Robert I of Bar (8 November 1344 – 12 April 1411) was Marquis of Pont-à-Mousson and Count and then Duke of Bar. He succeeded his elder brother Edward II of Bar as count in 1352. His parents were Henry IV of Bar and Yolande of Flanders.
When Robert was less than a year old, his father died and his elder brother, Edward II of Bar, became Count of Bar under their mother's regency. As neither Robert nor Edward had a strong constitution, Yolande obtained a papal dispensation from Clement VI to allow them to eat meat during periods of abstinence. When his brother Edward died, Robert was still only seven years old and political problems associated with his mother's continued position as regent had arisen.
Yolande was on the point of remarrying to Philip of Navarre, count of Longueville, a member of the Navarre family which was attempting to claim the French crown from John the Good. Joan of Bar, Robert's grandaunt, made known to the king that she was ready to replace Yolande and assume the regency. The Parliament of Paris, by decree of 5 June 1352, declared that the county was under the king's control. John the Good then entrusted the regency to Joan on 27 July of that year. Yolande initially renounced the regency, but then went back on her decision, levying troops to fight Joan. John the Good intervened to force Yolande to renounce the regency again on 2 July 1353.
In 1354 the County of Bar was raised to the status of duchy by King John the Good. That same year another possession, Pont-à-Mousson, was raised to a marquisate by Emperor Charles IV. Subsequent emperors recognised Robert's ducal title and his state's right to a vote in the Imperial Diet. It is unclear if Robert was regarded as a Peer of France after becoming duke.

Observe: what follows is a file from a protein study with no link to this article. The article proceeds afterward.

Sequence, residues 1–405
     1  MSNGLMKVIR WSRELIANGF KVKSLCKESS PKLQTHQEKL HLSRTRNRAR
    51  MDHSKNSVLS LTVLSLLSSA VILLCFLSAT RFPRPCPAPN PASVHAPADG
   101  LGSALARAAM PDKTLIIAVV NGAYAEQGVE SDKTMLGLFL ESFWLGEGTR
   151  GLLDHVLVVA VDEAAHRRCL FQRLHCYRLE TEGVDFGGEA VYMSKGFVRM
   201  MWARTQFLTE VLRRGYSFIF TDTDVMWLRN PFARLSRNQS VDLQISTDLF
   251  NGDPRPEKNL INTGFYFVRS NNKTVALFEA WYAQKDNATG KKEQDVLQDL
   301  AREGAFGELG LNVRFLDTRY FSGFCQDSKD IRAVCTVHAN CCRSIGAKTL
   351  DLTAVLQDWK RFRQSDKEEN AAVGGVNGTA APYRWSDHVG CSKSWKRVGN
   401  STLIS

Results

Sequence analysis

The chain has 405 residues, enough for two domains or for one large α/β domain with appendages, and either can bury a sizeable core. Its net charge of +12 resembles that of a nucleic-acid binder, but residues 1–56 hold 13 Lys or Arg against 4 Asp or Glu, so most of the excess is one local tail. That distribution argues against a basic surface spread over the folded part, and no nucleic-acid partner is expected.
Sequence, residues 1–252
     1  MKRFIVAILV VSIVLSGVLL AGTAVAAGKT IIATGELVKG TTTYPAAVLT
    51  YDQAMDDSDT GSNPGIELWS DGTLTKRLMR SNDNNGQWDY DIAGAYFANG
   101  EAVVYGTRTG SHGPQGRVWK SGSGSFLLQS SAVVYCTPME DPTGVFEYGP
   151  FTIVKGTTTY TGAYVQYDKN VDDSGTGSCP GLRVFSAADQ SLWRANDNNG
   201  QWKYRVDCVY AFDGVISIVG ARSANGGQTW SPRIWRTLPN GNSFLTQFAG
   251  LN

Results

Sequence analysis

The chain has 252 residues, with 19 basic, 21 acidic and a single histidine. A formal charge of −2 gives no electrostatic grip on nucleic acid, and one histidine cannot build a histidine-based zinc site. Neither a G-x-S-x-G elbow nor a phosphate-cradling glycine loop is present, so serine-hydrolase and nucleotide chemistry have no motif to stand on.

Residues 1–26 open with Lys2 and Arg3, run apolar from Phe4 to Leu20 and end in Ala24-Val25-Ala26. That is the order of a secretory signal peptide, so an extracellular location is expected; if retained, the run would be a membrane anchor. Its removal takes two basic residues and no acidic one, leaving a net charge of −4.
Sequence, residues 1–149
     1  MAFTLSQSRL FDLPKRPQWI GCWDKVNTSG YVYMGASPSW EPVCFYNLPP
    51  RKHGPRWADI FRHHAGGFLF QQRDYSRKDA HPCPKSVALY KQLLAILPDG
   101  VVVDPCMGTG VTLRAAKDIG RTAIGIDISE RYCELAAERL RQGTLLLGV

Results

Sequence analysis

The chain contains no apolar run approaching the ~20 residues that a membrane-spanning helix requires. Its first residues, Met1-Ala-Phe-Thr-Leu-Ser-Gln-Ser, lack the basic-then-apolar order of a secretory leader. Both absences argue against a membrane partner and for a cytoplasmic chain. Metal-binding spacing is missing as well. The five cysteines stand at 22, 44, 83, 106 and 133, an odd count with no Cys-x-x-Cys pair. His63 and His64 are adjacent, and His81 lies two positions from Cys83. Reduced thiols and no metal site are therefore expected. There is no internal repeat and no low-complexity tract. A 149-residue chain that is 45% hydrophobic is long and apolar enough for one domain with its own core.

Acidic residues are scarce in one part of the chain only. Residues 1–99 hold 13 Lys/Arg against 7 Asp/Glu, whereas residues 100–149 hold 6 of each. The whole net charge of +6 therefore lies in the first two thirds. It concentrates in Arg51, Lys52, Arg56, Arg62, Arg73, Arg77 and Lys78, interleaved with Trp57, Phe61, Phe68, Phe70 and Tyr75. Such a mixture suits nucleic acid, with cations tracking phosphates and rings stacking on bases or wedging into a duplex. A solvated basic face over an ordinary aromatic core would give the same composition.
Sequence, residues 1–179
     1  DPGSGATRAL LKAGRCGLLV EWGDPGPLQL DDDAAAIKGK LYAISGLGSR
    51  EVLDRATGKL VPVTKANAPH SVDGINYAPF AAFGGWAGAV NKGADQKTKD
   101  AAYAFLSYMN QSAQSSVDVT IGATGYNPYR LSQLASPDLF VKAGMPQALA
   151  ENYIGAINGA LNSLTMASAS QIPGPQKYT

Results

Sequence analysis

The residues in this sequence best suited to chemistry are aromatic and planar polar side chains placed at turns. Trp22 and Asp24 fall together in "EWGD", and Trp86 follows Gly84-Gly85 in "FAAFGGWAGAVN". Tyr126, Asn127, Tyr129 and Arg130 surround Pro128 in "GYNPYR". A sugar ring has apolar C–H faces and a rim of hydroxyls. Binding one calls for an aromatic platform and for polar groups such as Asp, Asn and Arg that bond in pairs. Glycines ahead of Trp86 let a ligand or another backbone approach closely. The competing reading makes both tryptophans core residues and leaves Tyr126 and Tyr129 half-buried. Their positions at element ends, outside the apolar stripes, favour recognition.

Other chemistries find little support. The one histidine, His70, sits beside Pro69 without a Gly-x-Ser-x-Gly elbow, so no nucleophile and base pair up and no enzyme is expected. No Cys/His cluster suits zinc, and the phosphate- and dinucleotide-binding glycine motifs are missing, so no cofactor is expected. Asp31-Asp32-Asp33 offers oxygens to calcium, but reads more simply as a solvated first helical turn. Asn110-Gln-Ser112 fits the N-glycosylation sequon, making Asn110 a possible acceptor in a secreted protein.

The defeat of Poitiers and the capture of John the Good in 1356 deprived Joan of John's support and Yolande retook the regency. Robert was knighted in December 1356 and declared of age on 8 November 1359. He assisted at the coronation of Charles V of France at Reims on 9 May 1364, then at that of Charles VI of France on 4 November 1380. During Charles V's reign he fought in several engagements in 1374 during the campaign to eject the English from Normandy. In 1401, Robert ceded his duchy to his son Edward, but reserved the usufruct on it, bypassing his grandson Robert (son of Henry of Bar). The younger Robert unsuccessfully opposed this in the parliament of Paris that ran from 1406 to 1409. Charles VI's madness put him under the control of the Duke of Orleans and Duke of Burgundy. The elder Robert supported the duke of Orleans, and after that duke's assassination was more and more inclined to remain within his duchy. In his later years he suffered from attacks of gout that prevented him from walking.
|Duke of Bar |
Marquis of Pont-à-Mousson
Robert I of Bar
|Born||8 November 1344|
|Died||12 April 1411 (aged 66)|
|Noble family||House of Scarponnois|
|Spouse(s)||Marie of Valois|
|Father||Henry IV of Bar|
|Mother||Yolande of Flanders|
| Count of Bar
1352 – 1354
|Elevated to duchy|
|New title|| Duke of Bar
1354 – 1411
Bonne of Luxemburg or Jutta of Luxemburg (20 May 1315 – 11 September 1349), was born Jutta (Judith), the second daughter of John the Blind, king of Bohemia, and his first wife, Elisabeth of Bohemia. She was the first wife of King John II of France; however, as she died a year prior to his accession, she was never a French queen. Jutta was referred to in French historiography as Bonne de Luxembourg. She was a member of the House of Luxembourg. Among her children were Charles V of France, Philip II, Duke of Burgundy, and Joan, Queen of Navarre.Cadaver Tomb of René of Chalon